Academic journal article Journal of Visual Impairment & Blindness

Students with Low Vision Describe Their Visual Impairments and Visual Functioning

Academic journal article Journal of Visual Impairment & Blindness

Students with Low Vision Describe Their Visual Impairments and Visual Functioning

Article excerpt

Abstract: In the study reported here, the responses to a survey that was designed to determine the knowledge of their visual impairment of 51 students with low vision were analyzed. Although the students described their visual weaknesses and strengths, they had limited knowledge of, and difficulty communicating about, the medical aspects of their impairments.


People who accept themselves recognize that they have a variety of personal attributes, some of which may be negative, and do not permit these negative characteristics to detract from their sense of dignity or self-worth (Tuttle & Tuttle, 1996). Individuals who positively judge their own value are said to have high self-esteem. Tuttle and Tuttle (1996) noted that a prerequisite to healthy self-acceptance and positive self-esteem is the acceptance of one's visual impairment (blindness or low vision) as one of many traits that influence who one is.

Among Tuttle and Tuttle's (1996) recommendations for facilitating effective growth and self-acceptance in individuals with visual impairments were to assist in the development of self-awareness of their attributes, personal values, and feelings, and in the exploration and refinement of their knowledge about themselves, their feelings, and others' perceptions of them. Activities that they described for nurturing self-esteem specifically included learning events that are designed to increase self-knowledge, knowledge about others and their responses to visual impairment, and knowledge of one's visual impairment.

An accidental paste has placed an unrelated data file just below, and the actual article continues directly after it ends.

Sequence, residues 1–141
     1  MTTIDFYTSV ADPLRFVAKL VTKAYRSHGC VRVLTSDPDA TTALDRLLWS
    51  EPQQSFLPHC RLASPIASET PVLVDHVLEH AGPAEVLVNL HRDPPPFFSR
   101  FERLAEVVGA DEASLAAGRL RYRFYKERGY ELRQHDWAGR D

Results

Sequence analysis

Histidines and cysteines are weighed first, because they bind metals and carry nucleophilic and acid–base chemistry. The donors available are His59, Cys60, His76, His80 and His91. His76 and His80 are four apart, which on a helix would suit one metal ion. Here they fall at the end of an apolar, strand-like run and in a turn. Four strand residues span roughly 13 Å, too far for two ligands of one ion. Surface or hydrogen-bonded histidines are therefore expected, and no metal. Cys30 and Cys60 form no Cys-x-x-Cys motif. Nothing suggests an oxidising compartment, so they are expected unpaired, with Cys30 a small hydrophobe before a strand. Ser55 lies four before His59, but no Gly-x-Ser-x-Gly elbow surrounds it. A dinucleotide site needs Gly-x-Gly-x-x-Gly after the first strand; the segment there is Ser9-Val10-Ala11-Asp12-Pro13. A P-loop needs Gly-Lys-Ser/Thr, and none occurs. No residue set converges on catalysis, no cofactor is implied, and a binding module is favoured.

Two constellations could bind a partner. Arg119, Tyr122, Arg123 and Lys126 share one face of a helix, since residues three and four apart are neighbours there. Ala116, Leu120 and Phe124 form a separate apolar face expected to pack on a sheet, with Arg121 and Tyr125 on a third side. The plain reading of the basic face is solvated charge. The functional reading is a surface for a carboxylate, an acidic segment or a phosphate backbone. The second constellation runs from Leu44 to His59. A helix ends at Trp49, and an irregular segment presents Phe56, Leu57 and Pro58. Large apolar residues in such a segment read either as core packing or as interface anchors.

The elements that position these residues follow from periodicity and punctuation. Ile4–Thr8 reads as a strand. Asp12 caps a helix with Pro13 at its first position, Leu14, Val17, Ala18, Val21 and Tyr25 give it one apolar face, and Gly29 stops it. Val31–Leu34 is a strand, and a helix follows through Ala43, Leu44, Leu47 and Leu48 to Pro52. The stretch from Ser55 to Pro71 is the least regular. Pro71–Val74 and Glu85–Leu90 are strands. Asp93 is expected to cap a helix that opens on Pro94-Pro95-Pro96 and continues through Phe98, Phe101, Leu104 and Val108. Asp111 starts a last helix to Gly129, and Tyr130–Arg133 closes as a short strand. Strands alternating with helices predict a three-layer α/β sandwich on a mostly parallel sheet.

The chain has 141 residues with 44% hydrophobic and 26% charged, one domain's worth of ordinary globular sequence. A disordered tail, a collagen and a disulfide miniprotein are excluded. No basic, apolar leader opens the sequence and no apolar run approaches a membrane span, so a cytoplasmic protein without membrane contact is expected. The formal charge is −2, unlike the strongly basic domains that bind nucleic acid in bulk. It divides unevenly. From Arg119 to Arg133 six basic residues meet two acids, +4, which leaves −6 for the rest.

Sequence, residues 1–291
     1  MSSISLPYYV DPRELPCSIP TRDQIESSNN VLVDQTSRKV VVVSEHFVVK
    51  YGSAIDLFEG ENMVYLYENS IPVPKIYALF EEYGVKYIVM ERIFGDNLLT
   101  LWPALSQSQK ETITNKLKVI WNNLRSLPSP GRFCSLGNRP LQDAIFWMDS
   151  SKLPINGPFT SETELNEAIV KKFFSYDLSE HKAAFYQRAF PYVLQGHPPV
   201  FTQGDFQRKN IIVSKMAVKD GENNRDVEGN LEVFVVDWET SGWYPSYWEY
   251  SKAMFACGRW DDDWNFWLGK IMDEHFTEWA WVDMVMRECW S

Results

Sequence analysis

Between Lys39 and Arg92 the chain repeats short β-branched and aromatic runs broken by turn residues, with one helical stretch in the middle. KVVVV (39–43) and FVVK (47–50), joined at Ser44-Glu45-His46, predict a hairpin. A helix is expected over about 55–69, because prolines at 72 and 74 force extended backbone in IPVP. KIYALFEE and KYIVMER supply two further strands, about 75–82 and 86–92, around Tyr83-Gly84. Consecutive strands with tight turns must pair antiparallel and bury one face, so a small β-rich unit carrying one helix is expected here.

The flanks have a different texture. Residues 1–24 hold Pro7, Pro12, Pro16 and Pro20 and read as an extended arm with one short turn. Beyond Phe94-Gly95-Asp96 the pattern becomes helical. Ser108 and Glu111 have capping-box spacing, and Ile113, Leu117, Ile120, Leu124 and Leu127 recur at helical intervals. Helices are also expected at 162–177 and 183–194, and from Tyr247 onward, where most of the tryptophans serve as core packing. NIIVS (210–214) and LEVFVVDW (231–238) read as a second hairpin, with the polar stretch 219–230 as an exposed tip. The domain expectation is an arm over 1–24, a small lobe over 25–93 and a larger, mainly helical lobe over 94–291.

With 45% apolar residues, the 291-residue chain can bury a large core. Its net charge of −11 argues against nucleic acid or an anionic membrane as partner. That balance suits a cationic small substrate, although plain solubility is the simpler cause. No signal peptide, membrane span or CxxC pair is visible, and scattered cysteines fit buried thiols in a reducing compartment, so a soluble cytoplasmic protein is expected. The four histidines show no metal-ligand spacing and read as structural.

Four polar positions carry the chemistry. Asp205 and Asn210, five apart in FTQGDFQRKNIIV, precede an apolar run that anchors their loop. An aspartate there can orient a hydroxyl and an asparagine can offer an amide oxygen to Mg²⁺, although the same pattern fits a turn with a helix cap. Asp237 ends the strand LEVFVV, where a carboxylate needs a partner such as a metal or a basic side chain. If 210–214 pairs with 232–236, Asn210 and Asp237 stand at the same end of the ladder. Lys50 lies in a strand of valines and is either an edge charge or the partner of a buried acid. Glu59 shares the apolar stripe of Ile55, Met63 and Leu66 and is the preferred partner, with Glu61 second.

Sacks (2006, p. 13) emphasized that "one of the most essential ways in which families and professionals can assist students with visual impairments in developing a strong social identity, is to help them understand and communicate their visual disability to others." In addition to the important relationship between knowledge of self and positive self-esteem, there are other reasons why students with visual impairments should be taught about their visual impairments. Understanding and accepting oneself as a person with a visual impairment helps others to feel at ease and, therefore, to decrease barriers to interaction and ultimately to establish relationships (Sanford & Burnett, 2006). Throughout their lives--in school, at work, and in community environments--people with visual impairments frequently encounter situations in which they are faced with explaining their visual functioning to others who may misunderstand it. Counteracting stereotypes and misinformation cannot be accomplished without a good understanding of one's visual impairment (Erin, 2006). Similarly, knowledge of one's visual impairment is critical to effective communication with professionals who are well informed about disorders of the eye and their impact on functioning. Since students with visual impairments, particularly those with low vision, are likely to be lifelong consumers of eye care services, it is important that they be prepared for these future interactions with knowledgeable eye care professionals.

Having a thorough understanding of one's visual impairment and its effect on others and having practiced methods of communicating information about it provide a student with some of the key skills that are necessary to become a self-advocate, an important component of self-determination. Individuals who have a depth of knowledge of their visual impairments can make informed judgments of how much of that knowledge, if any, to disclose to various people with whom they interact. Using that judgment to request, deny, or redirect assistance allows them to feel more in control of both casual and more formal situations (Erin, 2006).

Finally, a sound understanding of one's visual impairment bas vocational implications. Knowing one's visual abilities and limitations is essential when making decisions related to one's future career. Being able to communicate clearly the impact of one's visual impairment and the accommodations one uses to perform essential job duties, as well as being able to set potential employers at ease, is important during job interviews and, later, in working with fellow employees (Wolffe & Johnson, 1997). …

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